The Minister for Justice Helen McEntee announced last month that she is amending her approach to the forthcoming Incitement to Hatred and Hate Crime Bill, ‘The Hate Speech and Hate Crime Bill’, to make it easier to secure prosecutions and convictions for crimes motivated by hate.
Minister said as there was cross-party support, new hate-crime legislation should be enacted by the end of the year.
The aim is to ensure offences on the basis of race, colour, nationality, ethnic or national origin, sexual orientation, gender and disability would carry an enhanced penalty compared to the ordinary offence. Any conviction for such an offence would clearly state the offence is motivated by hatred, that it is a hate crime.
The new law will legislate for hate crimes by creating new, aggravated forms of certain existing criminal offences, where those offences are motivated by prejudice against a protected characteristic. It will also update the previous 1989 legislation on hate speech to reflect the current context more accurately and include online hateful content.
Minister McEntee said, “This is a hugely important piece of legislation which will tell victims of hate crimes that we are determined to help them and will also let perpetrators know that they will be punished for spreading hate, prejudice and division.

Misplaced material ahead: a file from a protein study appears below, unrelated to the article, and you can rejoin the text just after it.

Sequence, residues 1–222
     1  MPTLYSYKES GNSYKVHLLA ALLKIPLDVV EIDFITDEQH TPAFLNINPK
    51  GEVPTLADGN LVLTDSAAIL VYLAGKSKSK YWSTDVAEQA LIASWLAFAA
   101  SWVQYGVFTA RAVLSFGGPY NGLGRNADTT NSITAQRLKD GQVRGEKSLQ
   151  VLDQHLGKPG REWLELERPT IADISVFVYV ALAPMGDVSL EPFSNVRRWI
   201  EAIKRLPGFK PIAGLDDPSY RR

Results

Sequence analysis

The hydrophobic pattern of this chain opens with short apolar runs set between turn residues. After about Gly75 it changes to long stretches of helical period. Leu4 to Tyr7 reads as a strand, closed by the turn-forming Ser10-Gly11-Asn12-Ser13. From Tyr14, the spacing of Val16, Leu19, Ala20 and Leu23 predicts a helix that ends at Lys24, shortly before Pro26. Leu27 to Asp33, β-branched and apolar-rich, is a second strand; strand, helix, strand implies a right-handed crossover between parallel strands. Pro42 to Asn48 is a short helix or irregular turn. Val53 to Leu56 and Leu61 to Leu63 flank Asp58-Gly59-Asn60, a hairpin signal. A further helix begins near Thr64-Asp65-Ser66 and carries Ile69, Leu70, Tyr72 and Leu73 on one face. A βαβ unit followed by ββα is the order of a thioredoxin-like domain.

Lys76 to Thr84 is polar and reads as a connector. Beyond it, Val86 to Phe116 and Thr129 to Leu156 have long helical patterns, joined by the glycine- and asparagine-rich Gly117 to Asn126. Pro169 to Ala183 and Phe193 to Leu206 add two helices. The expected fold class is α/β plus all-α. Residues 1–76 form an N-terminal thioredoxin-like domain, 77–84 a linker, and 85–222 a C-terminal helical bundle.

“I know how much it means to many groups that we get this legislation right, that it is an effective law which An Garda Síochána will be able to prosecute, and which will allow convictions be secured in the courts.
“That is why we must make sure that the Bill is victim centred and effective, and that is why I am making these changes. We must get this Bill right, and it is my intention to publish the full Bill in early September and enact it by the end of the year.”
The legislation will cover all forms of media, including online and social media, and hosting companies are “onboard” with the new legislation and know they will have to show they are making every effort to remove offending content.
It is expected the new offence would contain harsher penalties than similar offences without a hate motivation. An objective “demonstration test” – where guilt can be established if the perpetrator uses, for example, racial language or other evidence of hate against the victim will be included as part of the legislation.
NB – This is a guide for information purposes only and does not constitute legal advice. If you have an issue requiring legal advice, please contact any of the team at Nolan Farrell & Goff LLP, whose numbers can be found on our website www.nfg.ie, or email email@example.com.